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The Conservative Movement Will Inevitably Cave On Intermarriage

Reading Rabbi Julie Schonfeld’s recent defense of Conservative Judaism’s ban on rabbis performing intermarriages, my primary sentiment was one of sadness. Why, though? It was not that I disagreed with her; on the contrary, I echo many of her sentiments and agree with her bottom line that performing mixed-faith marriages is a red line that the Conservative movement ought not countenance its rabbis crossing — which rabbis with ties to the Conservative movement, like Amichai Lau-Lavie and Rolando Matalon, have recently pledged to do.

In part, I realized, the sadness stemmed from the fresh reminder that to make her argument, Schonfeld relied on a vocabulary that decades ago drew me to the movement, but that it has long since abandoned.

Schonfeld based her argument on the fundamental rationale behind the limitations of Halacha, Jewish law. “Judaism, as a continuous tradition for 3,000 years,” she wrote, “promotes a highly counter-cultural idea in contemporary society in that it finds special opportunity for spiritual and moral growth in the maintenance and appreciation of boundaries -– whether around time, food, consumption, moral conduct and even relationships.” What it means to be a Jew, she believes Judaism argues, is to live and grow within those “bounded” spaces.

She’s absolutely right. The problem, though, is that the history of the very movement that she helps to lead has long undermined that argument. The movement paved the way to sanctioning intermarriage decades ago, long before anyone even contemplated doing so.

Fire on Shabbat is explicitly prohibited by the Torah; yet as long as cars use gasoline, operating them will involve combustion. Nevertheless, succumbing to urban sprawl and its attendant demographic pressures, in 1950 the Conservative movement sanctioned driving on Shabbat. (Some 53 years later, Ismar Schorsch, then chancellor of the Jewish Theological Seminary, declared that decision “a mistake”.) Similarly, eating fish in a nonkosher restaurant obviously means consuming food made with utensils and pots that have just been used for nonkosher meat, but again, seeking to accommodate its members’ shifting social networks, the movement ruled in 1952: “Fish dinners in nonkosher eating places shall not be construed as a violation of the dietary laws.”

In neither case was there a serious halachic argument to be made; instead, there was social pressure. Conservative Judaism bet that by moving the line, it could keep its members within the boundaries. That bet has proved dead wrong.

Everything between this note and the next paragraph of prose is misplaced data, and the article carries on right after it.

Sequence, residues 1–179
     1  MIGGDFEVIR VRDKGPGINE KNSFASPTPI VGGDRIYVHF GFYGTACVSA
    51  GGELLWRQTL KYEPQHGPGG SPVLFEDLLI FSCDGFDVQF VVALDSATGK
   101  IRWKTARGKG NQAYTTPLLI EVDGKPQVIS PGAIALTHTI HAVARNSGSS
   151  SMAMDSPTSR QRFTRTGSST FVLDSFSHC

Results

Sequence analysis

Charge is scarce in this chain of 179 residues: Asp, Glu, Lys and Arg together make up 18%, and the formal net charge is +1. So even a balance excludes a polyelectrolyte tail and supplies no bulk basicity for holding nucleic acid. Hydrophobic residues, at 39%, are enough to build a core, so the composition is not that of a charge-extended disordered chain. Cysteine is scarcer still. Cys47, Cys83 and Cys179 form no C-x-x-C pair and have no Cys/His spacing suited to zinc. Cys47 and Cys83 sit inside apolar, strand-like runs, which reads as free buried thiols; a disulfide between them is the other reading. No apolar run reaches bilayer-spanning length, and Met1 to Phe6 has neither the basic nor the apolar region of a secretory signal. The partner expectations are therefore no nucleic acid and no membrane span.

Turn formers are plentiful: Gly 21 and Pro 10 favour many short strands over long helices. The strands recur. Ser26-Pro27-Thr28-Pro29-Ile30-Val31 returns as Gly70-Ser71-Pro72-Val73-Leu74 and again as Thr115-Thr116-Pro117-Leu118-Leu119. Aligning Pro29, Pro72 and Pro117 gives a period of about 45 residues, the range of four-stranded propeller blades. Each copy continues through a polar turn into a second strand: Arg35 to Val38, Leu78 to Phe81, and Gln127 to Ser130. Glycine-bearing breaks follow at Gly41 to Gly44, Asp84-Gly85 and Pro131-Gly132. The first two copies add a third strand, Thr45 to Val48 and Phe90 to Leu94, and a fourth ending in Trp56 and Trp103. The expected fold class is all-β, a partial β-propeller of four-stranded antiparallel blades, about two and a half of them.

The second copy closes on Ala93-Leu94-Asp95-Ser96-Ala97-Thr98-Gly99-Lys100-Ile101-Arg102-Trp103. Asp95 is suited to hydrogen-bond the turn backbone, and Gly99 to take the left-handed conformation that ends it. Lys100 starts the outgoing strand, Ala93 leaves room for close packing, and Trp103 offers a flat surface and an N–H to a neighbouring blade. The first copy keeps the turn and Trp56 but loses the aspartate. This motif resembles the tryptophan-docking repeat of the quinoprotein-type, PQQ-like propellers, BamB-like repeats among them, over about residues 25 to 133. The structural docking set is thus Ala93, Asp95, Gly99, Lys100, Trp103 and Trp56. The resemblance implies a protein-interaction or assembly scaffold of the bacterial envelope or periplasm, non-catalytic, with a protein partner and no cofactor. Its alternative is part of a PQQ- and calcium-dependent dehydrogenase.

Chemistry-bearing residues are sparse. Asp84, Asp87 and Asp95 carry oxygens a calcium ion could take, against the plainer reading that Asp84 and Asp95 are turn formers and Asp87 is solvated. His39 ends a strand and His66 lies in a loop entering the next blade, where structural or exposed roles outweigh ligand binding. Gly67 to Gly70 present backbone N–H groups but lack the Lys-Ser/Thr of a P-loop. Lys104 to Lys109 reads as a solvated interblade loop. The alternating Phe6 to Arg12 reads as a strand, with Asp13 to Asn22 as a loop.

As much as intermarriage is now being portrayed as the ultimate line in the sand, one could make the argument that intermarriage is actually less halachically problematic than same-sex marriage. But in May 2012, Conservative Judaism sanctioned those unions as well. (I am not taking a stand on gay marriage here; if anything, that issue has the most compelling moral justification of all the above-mentioned examples.)

The sum is thus greater than the whole of the parts. Driving, eating out, gay marriage and more: For more than half a century, the Conservative movement has been — with apologies to Rodgers & Hammerstein –- “just a movement that can’t say no.”

Schonfeld is keenly aware of the movement’s halachic history. Therefore, she added an additional element in a sentence about those “bounded spaces,” which reads, “Those boundaries include the reservation of Jewish rituals that are the explicit performance of Jewish commitments to Jews.” Thus, the issue isn’t Halacha, per se, it’s that the movement will not condone Jewish rituals that involve non-Jews.

But even that, this time with apologies to Gershwin, “ain’t necessarily so.” In March, the United Synagogue of Conservative Judaism General Assembly passed a resolution allowing synagogues to accept non-Jews as members. Synagogue membership is not technically a ritual, true, but that decision was already an indication that religious boundaries between being “in” the community and “out” were not holding. If a person can be a member of a religious community, why can that person not participate in its rituals?

No less saddening, though, was the fact that glaringly missing from Schonfeld’s column is any mention of the next dramatic change that obviously lies just around the bend. Once the Conservative movement sanctions intermarriage, as it almost certainly will, patrilineal descent will invariably follow. Does anyone really believe that the movement can say, “Yes, one of our rabbis married you, but no, we don’t consider your children Jewish”? It was that entirely untenable position that led Reform Judaism to adopt patrilineality. Not that far off is the day when people whom Conservative Judaism calls Jews will not be able to marry Orthodox Jews or many Israelis.

And that, in turn, leads to the deepest reason for my sadness at reading Rabbi Schonfeld’s column. Back in the days when my colleagues and I were studying at the JTS, the notion that the Conservative movement would sanction intermarriage would have been dismissed as laughable. Same-sex marriage wasn’t even really on the agenda. The big issue in our day was the ordination of women, which many of us (myself included) passionately supported.

So here, bottom line, is the question that haunts me: Had we known back then where matters were headed, how many of us would have chosen to study where we did?

Daniel Gordis is the Koret Distinguished Fellow at Shalem College, in Jerusalem. His latest book, “Israel: A Concise History of a Nation Reborn,” just received the National Jewish Book Award as the 2016 Book of the Year. He is, with Peter Beinart, the co-host of the “Fault Lines” podcast.


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